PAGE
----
The Land of Decoration by Grace McCleen
This book wasn’t what I was expecting, although it did start off that way…
In the beginning there was an empty room, a little bit of space, a little bit of light, a little bit of time.
I said: ‘I am going to make fields,’ and I made them from table mats, brown corduroy and felt. Then I made rivers from crêpe paper, cling film and shiny tin foil and mountains from papier mâché and bark. And I looked at the fields and I looked at the rivers and I looked at the mountains and I saw they were good.
When I had read that it featured a girl who was building a model of her world in her bedroom, I had visions of it coming to life in the same way as the drawings did in my childhood favourite Marianne Dreams, (which I was inspired to re-read before starting this book.) The only real point of similarity however was the ten year old girls as the main characters…
Judith McPherson lives with her Dad. In her bedroom, she is building an model of her world, using bits and bobs that people throw away – sweet wrappers, cloth scraps and matchboxes and she peoples it with pipecleaner, wool and clay figures. She believes in it as an allegory of heaven where she and her father will be together with her late Mum again - She calls it the Land of Decoration after a verse in the Bible.
The Bible is very important in her life. Her family are members of a fundamentalist Christian sect who believe that Armageddon is coming. They don’t associate with non-believers – except when they go door-knocking.
Judith isn’t happy at school. The class bully is on her case, and has been making threats. She doesn’t tell anyone. When she gets home she decides to make it snow in the Land of Decoration so school would be cancelled. When it snows for real in October the next day she believes she can do miracles, and she tells God all about it.
This is just the start of her problems. Neil steps the bullying up, and it starts to go beyond the classroom. There’s trouble at the factory too where her father works with a strike in the offing. Things will come to a dramatic climax that will cause Judith and her father to question their personal beliefs and motivation in life.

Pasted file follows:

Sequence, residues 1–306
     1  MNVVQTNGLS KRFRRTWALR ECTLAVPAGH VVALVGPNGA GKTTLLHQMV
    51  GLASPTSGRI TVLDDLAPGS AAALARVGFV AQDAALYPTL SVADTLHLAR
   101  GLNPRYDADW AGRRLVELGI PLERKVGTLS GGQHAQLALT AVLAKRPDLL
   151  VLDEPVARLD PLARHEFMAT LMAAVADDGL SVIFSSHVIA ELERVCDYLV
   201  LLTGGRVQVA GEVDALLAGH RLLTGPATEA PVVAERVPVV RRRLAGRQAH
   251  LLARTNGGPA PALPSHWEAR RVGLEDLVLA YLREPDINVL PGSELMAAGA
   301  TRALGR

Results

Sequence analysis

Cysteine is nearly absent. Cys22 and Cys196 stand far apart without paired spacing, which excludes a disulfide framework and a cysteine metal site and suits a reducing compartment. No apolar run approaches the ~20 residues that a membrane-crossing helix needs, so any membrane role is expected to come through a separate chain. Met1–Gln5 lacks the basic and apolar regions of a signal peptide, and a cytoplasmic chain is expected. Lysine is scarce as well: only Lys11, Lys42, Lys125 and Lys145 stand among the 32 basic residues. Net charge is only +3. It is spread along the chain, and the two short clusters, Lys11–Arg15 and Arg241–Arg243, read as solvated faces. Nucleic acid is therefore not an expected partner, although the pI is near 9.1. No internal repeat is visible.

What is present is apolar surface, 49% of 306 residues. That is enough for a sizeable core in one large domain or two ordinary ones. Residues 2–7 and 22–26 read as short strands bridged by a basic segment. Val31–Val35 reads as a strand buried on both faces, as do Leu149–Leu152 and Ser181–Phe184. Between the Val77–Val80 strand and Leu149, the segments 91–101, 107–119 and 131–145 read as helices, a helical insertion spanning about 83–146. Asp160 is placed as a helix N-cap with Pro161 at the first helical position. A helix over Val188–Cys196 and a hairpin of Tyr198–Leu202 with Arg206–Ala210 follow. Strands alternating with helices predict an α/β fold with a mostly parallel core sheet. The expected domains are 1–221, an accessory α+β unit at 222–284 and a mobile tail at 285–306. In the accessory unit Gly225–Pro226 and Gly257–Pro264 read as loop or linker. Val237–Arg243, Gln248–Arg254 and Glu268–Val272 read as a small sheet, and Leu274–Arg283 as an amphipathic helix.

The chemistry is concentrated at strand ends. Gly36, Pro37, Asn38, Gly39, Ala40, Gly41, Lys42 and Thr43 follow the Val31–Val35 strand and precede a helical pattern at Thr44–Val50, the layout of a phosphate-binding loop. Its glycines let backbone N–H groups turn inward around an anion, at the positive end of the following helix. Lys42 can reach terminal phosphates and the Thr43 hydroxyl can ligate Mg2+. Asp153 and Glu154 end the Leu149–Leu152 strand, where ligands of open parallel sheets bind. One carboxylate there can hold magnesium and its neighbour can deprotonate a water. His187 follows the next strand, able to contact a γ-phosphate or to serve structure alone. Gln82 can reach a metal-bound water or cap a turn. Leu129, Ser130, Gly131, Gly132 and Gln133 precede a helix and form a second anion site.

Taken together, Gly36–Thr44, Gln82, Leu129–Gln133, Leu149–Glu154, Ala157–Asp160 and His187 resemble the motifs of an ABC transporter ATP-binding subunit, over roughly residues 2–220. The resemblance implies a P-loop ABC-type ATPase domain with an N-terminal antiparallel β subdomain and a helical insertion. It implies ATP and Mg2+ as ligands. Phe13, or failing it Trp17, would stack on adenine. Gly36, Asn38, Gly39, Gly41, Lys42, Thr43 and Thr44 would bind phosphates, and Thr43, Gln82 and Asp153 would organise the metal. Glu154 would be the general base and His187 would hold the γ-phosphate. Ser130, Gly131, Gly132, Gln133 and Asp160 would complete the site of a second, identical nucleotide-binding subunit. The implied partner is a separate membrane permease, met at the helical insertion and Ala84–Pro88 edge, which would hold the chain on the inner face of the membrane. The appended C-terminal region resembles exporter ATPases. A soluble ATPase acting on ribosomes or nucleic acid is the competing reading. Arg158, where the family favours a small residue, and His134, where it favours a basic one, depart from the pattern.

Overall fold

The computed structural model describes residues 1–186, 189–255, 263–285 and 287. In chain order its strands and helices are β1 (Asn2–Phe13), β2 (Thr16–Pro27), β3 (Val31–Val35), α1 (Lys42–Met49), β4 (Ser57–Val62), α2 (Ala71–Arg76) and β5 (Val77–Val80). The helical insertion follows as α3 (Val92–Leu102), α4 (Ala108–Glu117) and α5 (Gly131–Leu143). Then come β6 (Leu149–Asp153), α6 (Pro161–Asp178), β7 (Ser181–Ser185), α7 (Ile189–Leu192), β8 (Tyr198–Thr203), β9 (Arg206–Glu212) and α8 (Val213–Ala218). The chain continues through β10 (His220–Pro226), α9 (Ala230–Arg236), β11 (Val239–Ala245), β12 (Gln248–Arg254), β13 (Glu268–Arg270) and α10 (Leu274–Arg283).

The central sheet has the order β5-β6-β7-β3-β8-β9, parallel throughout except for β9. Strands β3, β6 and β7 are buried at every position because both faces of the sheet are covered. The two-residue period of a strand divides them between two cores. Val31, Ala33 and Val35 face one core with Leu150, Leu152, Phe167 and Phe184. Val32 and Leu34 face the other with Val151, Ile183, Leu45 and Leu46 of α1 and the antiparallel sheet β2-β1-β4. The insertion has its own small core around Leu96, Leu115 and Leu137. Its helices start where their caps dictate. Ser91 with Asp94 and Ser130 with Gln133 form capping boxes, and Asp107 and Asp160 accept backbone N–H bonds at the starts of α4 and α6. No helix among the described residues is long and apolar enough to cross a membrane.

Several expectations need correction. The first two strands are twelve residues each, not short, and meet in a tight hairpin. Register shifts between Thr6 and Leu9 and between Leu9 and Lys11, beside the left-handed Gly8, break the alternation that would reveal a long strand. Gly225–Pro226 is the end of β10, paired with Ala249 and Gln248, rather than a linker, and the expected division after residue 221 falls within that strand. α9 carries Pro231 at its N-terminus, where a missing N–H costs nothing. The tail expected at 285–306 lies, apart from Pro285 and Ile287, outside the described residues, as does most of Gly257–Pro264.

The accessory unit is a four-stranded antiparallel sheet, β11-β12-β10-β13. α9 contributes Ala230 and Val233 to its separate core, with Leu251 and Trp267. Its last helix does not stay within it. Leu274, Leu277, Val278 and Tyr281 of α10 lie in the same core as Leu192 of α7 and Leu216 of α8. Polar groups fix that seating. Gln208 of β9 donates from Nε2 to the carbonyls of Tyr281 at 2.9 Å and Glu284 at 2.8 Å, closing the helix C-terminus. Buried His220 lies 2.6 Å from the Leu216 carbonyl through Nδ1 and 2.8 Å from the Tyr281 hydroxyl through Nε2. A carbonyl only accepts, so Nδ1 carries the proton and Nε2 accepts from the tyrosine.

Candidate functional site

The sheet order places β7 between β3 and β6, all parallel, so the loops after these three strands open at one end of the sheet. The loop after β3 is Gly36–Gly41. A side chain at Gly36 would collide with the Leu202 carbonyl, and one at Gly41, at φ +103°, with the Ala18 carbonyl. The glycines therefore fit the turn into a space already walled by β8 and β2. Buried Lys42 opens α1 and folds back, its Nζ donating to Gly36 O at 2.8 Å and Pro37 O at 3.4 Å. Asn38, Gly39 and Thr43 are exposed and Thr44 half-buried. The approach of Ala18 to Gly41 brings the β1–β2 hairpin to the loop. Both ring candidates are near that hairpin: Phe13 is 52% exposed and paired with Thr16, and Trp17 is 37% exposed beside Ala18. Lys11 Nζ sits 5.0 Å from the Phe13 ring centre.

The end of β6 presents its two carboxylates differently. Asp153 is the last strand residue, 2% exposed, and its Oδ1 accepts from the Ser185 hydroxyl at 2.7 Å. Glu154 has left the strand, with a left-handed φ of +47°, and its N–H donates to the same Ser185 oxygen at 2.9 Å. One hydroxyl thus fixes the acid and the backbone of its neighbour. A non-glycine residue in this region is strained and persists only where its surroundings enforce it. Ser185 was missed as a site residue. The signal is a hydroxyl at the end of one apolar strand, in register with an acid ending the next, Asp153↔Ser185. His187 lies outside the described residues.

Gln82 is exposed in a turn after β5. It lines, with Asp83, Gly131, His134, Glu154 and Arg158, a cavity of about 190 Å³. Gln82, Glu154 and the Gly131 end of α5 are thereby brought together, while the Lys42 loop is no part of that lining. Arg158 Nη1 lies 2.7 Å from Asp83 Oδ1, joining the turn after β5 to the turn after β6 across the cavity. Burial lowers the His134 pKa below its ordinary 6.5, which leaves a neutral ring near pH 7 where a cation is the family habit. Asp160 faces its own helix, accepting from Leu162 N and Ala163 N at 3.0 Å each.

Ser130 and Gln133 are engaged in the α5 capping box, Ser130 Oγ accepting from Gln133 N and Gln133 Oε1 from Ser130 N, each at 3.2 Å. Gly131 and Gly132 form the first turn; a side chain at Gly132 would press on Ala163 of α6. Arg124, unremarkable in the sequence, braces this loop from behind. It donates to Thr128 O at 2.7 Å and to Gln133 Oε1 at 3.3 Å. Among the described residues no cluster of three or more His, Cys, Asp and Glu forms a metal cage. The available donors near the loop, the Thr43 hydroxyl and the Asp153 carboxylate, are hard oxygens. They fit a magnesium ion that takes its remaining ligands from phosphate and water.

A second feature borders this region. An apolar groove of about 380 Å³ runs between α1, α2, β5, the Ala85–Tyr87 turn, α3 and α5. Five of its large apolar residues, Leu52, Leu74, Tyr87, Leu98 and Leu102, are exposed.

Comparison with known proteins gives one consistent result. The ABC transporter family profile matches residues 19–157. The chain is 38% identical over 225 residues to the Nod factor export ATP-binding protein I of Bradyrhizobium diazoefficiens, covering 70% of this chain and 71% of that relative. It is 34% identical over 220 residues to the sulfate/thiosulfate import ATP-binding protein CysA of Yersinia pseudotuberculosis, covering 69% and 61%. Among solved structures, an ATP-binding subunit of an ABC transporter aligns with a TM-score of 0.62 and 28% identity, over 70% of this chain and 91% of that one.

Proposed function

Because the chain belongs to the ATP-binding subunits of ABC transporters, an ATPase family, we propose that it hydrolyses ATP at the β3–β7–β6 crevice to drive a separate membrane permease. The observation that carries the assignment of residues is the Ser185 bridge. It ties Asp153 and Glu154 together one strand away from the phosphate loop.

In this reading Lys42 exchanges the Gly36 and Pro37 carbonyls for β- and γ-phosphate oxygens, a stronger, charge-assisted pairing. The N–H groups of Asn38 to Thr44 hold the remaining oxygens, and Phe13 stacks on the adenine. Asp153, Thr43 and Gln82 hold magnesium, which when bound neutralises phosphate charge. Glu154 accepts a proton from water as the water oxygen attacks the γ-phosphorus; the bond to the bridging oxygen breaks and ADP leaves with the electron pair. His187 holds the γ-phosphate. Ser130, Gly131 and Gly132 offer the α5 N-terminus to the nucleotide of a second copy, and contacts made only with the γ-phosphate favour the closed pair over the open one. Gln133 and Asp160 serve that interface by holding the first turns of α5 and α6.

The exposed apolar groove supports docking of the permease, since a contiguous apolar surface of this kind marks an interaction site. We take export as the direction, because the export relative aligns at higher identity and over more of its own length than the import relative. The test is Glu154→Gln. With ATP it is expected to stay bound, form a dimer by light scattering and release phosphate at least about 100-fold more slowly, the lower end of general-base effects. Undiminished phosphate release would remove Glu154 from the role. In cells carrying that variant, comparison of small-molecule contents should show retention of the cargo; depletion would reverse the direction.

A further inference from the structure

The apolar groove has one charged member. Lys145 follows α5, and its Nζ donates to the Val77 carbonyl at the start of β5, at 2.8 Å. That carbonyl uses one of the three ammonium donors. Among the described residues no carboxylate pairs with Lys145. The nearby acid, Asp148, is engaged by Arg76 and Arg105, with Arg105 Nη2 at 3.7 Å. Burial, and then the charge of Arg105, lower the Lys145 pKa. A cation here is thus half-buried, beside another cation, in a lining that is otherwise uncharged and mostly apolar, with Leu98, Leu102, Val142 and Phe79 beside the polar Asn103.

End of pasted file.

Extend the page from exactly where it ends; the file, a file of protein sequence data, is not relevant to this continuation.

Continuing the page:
There was an awful lot in this novel. It sometimes felt like the author was overflowing with ideas that she wanted to weave into the tale. There’s the one about growing up in a fundamentalist religion (echoes of Jeanette Winterson’s debut here); there’s the one about bullying; there’s the one growing up motherless; there’s the one about world-modelling, (and here I owe the author an apology, writing the word ‘world-modelling’ I couldn’t help but think of Slartibartfast and his fjords from H2G2 by Douglas Adams – sorry!).
Judith is a ten-year-old that’s wise beyond her years. She tries very hard to understand her world, discussing it with God. Her faith is strong with the certainty of youth and it colours everything, however, she does find it difficult when God lets bad things happen to people, and finds it hard to see through the hypocrites that end up surrounding her. She’s sweet and charming, and you do so feel for her growing up motherless. I also wished that she, and her father for that matter, could have a life and friends outside their church.
Although not matching my initial expectations of a fantasy element in the Land of Decoration, this novel didn’t disappoint. It was a great debut – a family drama with a strong heart, high drama and a creditable heroine. (8/10)
If you’re interested in finding out more about the book, do visit the author’s website here and see how many of its aspects are semi-autobiographical. See some other thoughts on the book at Fleur Fisher and She Reads Novels.
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I received an ARC of this book from Amazon Vine. To explore further on Amazon UK, please click below:
The Land of Decoration by Grace McCleen, pub March 1 by Chatto & Windus, hardback 304 pages.
Oranges Are Not The Only Fruit by Jeanette Winterson